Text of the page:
I have learned a lot over my short, 6 year career but that is what is most important to me. Every chance I got, I took something away from the experience. Whether it was learning more about my focus (marketing), learning more about what my peers were doing and where the industry was heading or just learning how to work with and for different personalities.
Amber Naslund recently wrote a post on her learnings from quitting twice. Both very different experiences and both opportunities to learn something. In fact, I could see the learnings from the first time she quit being carried over into the way she went about quitting the second time.
Do Our Expectations Ever Live Up To Themselves?
Every time I have started a new job, I walk into it with expectations. They could be expectations about what my day-to-day would look like, how I imagine working with the person that hired me or even expectations about the long term. Some have actually panned out, while on others I have missed the mark entirely.
I take this and apply it when I am looking for a new position either within my current company or within another company.
I have learned that I am not cut out for a large-scale corporation that involves a legal team that’s job is to peruse over each and every single piece of marketing material I create. I have also learned that I don’t want to ‘be the marketing department’, I want to be part of a larger team that enables me to focus on the piece of marketing (lead generation/inbound) that I am the most passionate about. I know that I am not a product marketer and although I feel I can write good copy and sell the product, it brings me no pleasure to write spec sheets, datasheets or product pitch decks.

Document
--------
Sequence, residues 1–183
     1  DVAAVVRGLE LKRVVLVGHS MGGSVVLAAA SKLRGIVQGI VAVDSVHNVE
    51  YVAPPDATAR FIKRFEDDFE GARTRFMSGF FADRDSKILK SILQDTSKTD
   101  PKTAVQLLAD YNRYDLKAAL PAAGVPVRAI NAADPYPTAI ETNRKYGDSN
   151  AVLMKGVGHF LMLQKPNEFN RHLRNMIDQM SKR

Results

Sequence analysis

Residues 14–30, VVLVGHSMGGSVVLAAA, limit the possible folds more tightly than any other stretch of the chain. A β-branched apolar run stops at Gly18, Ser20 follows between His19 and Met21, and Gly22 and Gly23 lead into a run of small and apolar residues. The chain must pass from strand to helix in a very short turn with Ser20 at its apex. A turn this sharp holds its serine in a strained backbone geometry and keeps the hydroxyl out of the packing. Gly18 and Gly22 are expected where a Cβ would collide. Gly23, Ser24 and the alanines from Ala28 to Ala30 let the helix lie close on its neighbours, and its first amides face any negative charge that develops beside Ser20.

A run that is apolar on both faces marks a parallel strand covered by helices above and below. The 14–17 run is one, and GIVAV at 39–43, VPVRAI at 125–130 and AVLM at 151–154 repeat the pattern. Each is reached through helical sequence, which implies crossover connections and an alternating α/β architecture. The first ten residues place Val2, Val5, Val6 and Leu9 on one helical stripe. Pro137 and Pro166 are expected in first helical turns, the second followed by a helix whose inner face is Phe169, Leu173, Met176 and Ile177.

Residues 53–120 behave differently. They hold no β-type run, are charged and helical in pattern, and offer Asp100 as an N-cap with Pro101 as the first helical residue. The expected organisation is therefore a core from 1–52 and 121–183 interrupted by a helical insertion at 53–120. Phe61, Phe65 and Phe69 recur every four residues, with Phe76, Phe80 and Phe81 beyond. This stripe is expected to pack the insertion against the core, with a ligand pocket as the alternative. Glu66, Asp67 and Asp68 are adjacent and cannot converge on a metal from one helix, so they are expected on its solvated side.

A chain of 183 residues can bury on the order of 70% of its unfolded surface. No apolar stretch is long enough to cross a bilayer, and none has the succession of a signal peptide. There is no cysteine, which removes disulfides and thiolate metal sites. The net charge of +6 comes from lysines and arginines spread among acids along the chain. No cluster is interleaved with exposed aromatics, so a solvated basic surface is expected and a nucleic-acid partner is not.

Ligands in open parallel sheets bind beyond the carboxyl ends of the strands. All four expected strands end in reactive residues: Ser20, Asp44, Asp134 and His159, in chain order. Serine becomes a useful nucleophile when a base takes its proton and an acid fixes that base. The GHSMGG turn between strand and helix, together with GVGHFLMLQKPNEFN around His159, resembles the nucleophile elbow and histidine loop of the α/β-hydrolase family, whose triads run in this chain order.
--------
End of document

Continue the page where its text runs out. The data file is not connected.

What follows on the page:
I also know what type of person I want to work for. I seek mentorship in each and every manager I work for. I want someone that encourages me to try something that I want to do but haven’t figured out how and I want them to critique me honestly.
Getting The Boot
Like some of my earlier, unfulfilled expectations, I never expected to be laid off – either of the 2 times. I don’t think anyone expects to be laid off actually. Perhaps we have a hunch and an eerie feeling of discomfort, but I don’t think we are ever expecting to be called into a meeting and be told that my job was no longer secure.
The first time for me was the toughest because I loved my job with all my heart. Probably would have married it if I could have. I worked long hours and on weekends without even realizing it, because it brought me joy. On top of my passion for it, I was really good at it.
Like I say ‘lead generation is my thing!’ Leads came in and not just any leads, the kind that converted. When that happens, revenue goes up, my budget went up and that gave me an even greater opportunity to go out and try new things.
The second time was a little less devastating because I already wasn’t happy. The position did not pan out to be what I thought it was (expectations missed horribly). The people I was working for had a very different agenda than my own (spend money and not track return anyone?) and it was really hard for me to give it my all.
Each time I was laid off, a new opportunity emerged. And each time it was even better than the last. I’ve learned that expectations are not always met and things just are never going to be what they seem each and every time. But when one door closes….
It’s never easy and it doesn’t become less scary but I look back constantly when faced with a big decision or find myself not satisfied with the work I am doing and really consider what it is I want and expect, then do everything in my power to seek it out and obtain it.